UPJers who aspire to later degrees and majors sit in “pre” program purgatory
April 2, 2012
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While Pitt-Johnstown’s “pre” programs share a similar designation, some are required steps to declare majors while others are pre-professional programs for graduate school preparation.
Pre-education, pre-business and pre-engineering are categories that students have been accepted into on the presumption that they will eventually declare it as their major.
While all require applications, pre-education and pre-business programs have fixed requirements while pre-engineering programs judge on individual cases.
Education Division Chair Jacob Easley said in order to get into the pre-education program, students need to have 45 credits and an overall 3.0 grade-point average.
According to assistant management professor Douglas Reed, students have two options to declare a business major and one of six concentrations – accounting, economics, finance, management, marketing and management-information systems.
One option, for pre-business students with a 2.7 grade-point average or above, requires completion of four courses, two of them with a C grade or better. Also, the students must get a C or better in a course in their intended concentration.
The other option, for pre-business students with a grade-point average of 2.0 but lower than 2.7, requires the same, with the additional completion of two courses.
Engineering Technology Director and Pre-Engineering adviser Jerry Samples said students with qualified high school grades and SATs can enter the program as freshmen, otherwise, first they may be first accepted as pre-engineering.
Samples said he makes appointments with the applicants and evaluates their situation to decide whether they are qualified. Some key factors he looks at are mathematics, physics and chemistry.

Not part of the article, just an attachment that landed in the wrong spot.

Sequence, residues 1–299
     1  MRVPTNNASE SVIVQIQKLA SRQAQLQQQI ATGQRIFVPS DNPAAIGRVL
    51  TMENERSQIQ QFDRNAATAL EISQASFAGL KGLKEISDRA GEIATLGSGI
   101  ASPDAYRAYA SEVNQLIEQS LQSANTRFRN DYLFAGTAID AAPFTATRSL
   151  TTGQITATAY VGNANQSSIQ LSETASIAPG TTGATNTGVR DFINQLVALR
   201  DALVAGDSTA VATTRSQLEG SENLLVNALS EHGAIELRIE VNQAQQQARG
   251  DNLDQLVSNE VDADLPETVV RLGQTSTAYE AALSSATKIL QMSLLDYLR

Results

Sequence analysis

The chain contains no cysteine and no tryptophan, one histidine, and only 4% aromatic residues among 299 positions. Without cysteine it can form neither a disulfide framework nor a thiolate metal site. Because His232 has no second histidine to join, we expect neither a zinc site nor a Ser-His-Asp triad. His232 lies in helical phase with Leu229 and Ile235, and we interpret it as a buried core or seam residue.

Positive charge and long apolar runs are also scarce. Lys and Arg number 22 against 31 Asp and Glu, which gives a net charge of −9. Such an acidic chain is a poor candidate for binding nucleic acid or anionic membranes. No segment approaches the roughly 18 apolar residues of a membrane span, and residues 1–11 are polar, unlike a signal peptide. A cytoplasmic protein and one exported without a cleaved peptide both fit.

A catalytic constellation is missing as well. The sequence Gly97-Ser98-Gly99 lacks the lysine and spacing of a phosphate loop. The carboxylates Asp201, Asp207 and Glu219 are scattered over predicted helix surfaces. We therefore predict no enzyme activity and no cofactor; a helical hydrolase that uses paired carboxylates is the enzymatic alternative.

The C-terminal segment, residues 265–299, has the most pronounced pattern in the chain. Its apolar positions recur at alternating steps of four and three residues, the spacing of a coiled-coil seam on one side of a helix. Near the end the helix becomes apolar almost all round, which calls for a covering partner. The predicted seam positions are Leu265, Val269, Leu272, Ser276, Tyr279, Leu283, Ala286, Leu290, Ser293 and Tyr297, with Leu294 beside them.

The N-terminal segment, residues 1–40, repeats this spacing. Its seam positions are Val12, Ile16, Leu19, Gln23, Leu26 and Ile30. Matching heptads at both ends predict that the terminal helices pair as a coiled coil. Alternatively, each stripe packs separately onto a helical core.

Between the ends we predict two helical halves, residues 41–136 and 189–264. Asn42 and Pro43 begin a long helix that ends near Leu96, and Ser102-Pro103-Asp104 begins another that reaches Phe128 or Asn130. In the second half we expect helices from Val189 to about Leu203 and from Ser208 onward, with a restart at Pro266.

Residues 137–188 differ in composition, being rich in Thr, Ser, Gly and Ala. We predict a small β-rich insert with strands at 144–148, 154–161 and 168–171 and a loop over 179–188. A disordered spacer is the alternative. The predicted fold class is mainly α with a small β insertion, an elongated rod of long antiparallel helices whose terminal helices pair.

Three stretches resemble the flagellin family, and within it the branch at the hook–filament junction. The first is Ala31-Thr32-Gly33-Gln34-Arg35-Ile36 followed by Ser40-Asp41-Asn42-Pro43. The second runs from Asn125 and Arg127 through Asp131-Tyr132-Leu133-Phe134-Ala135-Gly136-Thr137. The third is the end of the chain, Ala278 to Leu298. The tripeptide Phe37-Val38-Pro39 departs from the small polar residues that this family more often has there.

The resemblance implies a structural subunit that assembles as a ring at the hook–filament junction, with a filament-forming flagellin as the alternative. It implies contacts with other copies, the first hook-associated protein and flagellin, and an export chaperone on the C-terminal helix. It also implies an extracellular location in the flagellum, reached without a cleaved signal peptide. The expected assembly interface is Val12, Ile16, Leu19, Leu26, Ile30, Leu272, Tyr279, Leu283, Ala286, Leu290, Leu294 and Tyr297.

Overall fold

“There’s no fixed requirement.” said Samples. “It depends on individual cases.”
Advisers for pre-law and pre-professional programs in Natural Science said their programs serve to help students prepare for graduate school admissions, including required tests.
According to James Alexander, a political science professor and pre-law adviser, the designation “pre-law” is an indication of a planned career direction.
He also said students should choose elective courses to meet the requirements for law school admission and the Law School Admissions Test.
“Pre-programs” in Natural Science are designed as advising program to help students prepare for masters’ degrees.
Elizabeth Bell-Loncella, Chemistry associate professor and pre-pharmacy adviser, said there is no pre-pharmacy major.
Students who want to go to pharmacy graduate schools need a minimum of two years of pre-requisite course work, and then they apply pharmacy schools.
“They indicated they are interested in pharmacy school so they are listed as pre-pharm rather than chemistry or biology on their PeopleSoft (records),” said Bell-Loncella.
“We also get all the pre-pharm students together twice a year, once in the fall, once in the spring and remind them how everything is set up.
“Most of the students that go to pharmacy school apply to pharmacy schools in Pennsylvania,” she said.
Bell-Loncella said a list of pharmacy school pre-requisite requirements is prepared.
“Most of the pre-requisites are the same, but there are some subtle differences between different schools, and we tell the students what other schools require beyond what Pitt requires,” said Bell-Loncella.
Bell-Loncella also said students are responsible for figuring out whether the schools in which they are interested require additional courses, and advisers will assist them.
Associate Biology Professor and pre-med adviser Stephen Kilpatrick said students who want to go to medical school must take the Medical College Admission Test.
Kilpatrick also said most of the pre-med students are biology majors because courses like organic biology and physiology are on the test.
Alexander said that law schools, different from programs such as pre-medicines, demand no specific major and no set curriculum of undergraduate study.
“Students enter the study of law from a wide variety of undergraduate fields,” he said.
While there are no specific required courses, Alexander seems to encourage students to take demanding courses to prepare them for further studies.
“What is critical to understand is that your undergraduate career is a preparation for graduate work, and, as such, should emphasize the two skills most appropriate for law preparation: communications and analytical thinking.
“Language skill is developed through reading and writing in a thorough and continuous manner; avoiding undergraduate courses that emphasize reading and communications skills may help your grades, but afford little development of language skills,” he said.
Bell-Loncella said that, like pre-law students, pre-pharmacy students can have more than one adviser if they interested in many fields.
“For a lot of programs, you can major in anything. You can major in music, and go to medical graduate school, as long as you take the undergraduate courses they require.”